Tag Archives: Istanbul

Instruments of sorrow

Moreover, from a musical standpoint, it is interesting to trace the direct influence of such instrumental treatments on subsequent non-folk Greek music, as in the case of Socrates and their popular song Mountains.

The clarinet’s mourning

In neighboring Turkey, the song “Yemen Türküsü” mourns the death of Turkish soldiers in Yemen during the First World War. The well known folk song can be found in several different versions, and it has been also performed by Taksim Trio, a band of accomplished instrumentalists (Hüsnü Şenlendirici – clarinet, Aytaç Doğan – qanun, İsmail Tunçbilek – baglama) that has been part of Istanbul’s diverse and vibrant music scene.

The guitar’s outcry

One of the oldest and most despondent forms of flamenco music, siguiriyas is characterized by its profound, expressive style and tragic nature. When sung, the lyrics reflect the suffering of human relationships, love and death; however, it is also encountered as an instrumental piece with great potential for emotional outlet in the hands of the capable and sensitive artist – as in this performance by flamenco composer and guitarist Manolo Sanlúcar.


Sounds of Istanbul

Great music is often born when different cultures meet and intermingle. Such is the case with Istanbul, this unique crossroads of diverse civilizations and musical traditions.

My first encounter with the music of Istanbul was made through Fatih Akin’s excellent film Crossing the Bridge (2005), a documentary about Istanbul’s contemporary music scene. Akin follows German musician Alexander Hacke as he wanders around Istanbul with a mobile recording studio, trying to capture the musical identity of the city  in all its manifestations. In the process, they meet and record several bands and musicians from a variety of genres, ranging from traditional Turkish music to rap, indie and experimental rock.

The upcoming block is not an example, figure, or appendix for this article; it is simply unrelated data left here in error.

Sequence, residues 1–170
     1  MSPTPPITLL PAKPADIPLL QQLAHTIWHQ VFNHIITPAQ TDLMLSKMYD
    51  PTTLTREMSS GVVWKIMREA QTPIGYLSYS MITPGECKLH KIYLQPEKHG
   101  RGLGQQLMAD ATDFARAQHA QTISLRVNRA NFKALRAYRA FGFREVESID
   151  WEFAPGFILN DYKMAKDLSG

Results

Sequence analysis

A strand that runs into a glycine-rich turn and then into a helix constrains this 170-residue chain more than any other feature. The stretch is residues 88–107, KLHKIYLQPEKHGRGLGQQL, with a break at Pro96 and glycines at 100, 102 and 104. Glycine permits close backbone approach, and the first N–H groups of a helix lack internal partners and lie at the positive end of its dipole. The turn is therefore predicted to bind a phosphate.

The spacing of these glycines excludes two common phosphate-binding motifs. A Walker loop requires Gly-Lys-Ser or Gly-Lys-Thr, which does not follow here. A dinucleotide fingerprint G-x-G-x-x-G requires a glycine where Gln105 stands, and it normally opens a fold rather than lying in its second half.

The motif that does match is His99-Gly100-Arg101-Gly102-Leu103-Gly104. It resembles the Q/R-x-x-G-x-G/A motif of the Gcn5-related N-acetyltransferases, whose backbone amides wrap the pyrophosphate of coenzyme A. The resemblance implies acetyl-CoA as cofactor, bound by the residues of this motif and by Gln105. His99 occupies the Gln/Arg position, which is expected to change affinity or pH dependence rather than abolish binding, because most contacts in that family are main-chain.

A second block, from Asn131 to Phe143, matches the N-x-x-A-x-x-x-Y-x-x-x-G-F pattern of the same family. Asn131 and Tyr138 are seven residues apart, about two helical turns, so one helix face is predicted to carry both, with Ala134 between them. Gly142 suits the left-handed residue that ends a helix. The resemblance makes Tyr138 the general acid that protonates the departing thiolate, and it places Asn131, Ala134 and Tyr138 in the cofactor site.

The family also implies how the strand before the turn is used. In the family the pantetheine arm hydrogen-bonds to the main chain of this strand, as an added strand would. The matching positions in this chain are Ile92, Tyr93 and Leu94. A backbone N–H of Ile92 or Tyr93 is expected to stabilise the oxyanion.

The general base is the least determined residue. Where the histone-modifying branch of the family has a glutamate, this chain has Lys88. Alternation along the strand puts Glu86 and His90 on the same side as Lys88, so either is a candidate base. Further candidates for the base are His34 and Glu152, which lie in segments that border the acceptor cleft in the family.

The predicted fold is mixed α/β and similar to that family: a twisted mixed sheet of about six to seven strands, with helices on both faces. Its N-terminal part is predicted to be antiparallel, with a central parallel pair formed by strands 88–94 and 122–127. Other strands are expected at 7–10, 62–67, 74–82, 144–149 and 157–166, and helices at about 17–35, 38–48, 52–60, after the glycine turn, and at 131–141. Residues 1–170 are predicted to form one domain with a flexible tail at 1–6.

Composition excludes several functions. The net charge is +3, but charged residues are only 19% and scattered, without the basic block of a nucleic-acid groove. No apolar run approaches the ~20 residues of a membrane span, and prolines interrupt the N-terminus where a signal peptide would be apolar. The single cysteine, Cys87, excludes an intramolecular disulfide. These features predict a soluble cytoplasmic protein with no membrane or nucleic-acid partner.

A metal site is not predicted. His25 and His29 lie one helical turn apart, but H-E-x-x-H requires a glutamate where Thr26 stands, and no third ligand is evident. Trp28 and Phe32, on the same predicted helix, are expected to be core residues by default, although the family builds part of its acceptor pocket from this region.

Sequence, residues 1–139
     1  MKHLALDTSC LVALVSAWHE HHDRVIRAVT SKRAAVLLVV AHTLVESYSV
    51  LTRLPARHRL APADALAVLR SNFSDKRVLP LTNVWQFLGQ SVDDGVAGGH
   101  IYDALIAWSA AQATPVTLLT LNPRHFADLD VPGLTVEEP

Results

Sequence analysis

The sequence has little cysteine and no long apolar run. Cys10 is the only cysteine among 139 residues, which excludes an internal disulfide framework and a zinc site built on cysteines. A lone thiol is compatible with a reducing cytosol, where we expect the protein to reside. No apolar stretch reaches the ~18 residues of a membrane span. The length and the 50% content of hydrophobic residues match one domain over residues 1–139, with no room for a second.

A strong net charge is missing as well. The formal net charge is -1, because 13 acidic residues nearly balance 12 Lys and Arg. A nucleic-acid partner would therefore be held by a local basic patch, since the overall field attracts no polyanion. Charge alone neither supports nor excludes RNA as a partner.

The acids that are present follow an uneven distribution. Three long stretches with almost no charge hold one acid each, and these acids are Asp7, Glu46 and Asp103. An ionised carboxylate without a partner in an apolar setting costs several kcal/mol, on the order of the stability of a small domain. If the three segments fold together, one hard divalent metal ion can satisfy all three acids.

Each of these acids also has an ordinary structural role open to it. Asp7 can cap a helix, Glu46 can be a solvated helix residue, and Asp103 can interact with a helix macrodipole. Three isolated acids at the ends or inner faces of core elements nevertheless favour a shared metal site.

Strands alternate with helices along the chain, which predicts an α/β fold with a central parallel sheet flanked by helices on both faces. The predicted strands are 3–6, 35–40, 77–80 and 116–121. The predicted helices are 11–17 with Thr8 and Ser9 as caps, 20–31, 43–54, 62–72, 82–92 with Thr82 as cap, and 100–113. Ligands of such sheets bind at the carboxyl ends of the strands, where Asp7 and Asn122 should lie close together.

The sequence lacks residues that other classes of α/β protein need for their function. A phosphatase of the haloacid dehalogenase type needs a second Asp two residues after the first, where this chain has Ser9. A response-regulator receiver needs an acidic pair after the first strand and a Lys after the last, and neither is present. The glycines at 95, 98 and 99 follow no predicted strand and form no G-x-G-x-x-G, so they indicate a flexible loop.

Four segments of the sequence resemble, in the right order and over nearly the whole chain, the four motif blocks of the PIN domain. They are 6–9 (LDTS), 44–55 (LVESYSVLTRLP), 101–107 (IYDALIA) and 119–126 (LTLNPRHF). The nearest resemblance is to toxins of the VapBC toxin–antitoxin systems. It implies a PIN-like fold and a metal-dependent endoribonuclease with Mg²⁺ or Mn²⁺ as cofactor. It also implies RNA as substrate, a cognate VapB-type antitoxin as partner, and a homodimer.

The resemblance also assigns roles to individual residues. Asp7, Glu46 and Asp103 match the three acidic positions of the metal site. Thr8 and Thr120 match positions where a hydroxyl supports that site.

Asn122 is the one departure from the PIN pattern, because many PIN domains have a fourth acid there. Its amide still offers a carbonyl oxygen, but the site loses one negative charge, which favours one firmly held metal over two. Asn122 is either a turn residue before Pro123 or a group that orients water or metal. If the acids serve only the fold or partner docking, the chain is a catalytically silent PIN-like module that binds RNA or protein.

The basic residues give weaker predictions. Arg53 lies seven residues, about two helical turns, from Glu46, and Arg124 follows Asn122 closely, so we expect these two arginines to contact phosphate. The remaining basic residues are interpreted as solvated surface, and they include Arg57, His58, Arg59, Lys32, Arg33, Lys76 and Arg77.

One of the film’s highlights is a performance by the psychedelic band Baba Zula together with Hacke and Canadian folk musician Brenna MacCrimmon, all aboard a small boat on the Bosporus, their music gracefully accompanied by the glorious sunset…

I would get to see Baba Zula perform live in Istanbul’s famous music venue Babylon in 2011, when I had the opportunity to spend a good few weeks in the Genoese neighborhood around Galata Tower.

Baba Zula live in Istanbul

Baba Zula performing in Istanbul (25/11/2011)

It didn’t take long before I fell in love with Istanbul’s vibe and unique character. It felt as the whole city pulsated with music. A music of a very peculiar kind, comprised of all the sounds emanating from the Sea of Marmara and the countless little alleys, intertwined with the city’s buzz and the tunes played by street musicians, eventually meeting the muezzin’s call to prayer, thus forming a unified whole the reverberations of which seemed to be felt everywhere.

Memories of Istanbul and its music were recently brought back to me by listening to Istanbul Twilight, a remarkable depiction of the city’s diverse soundscape. Offering a musical panorama of Istanbul, this compilation includes music from Baba Zula and other prominent Turkish artists such as Burhan Öçal, Mercan Dede, and Taksim Trio.

It is almost impossible to fully grasp and absorb such a dynamic and vibrant music scene. It is perhaps best to let go, and simply immerse one’s self in the richness and beauty of Istanbul’s sounds; not unlikely one follows the muezzin’s mesmerizing voice in order to reach -even momentarily- heavenly, outworldly realms.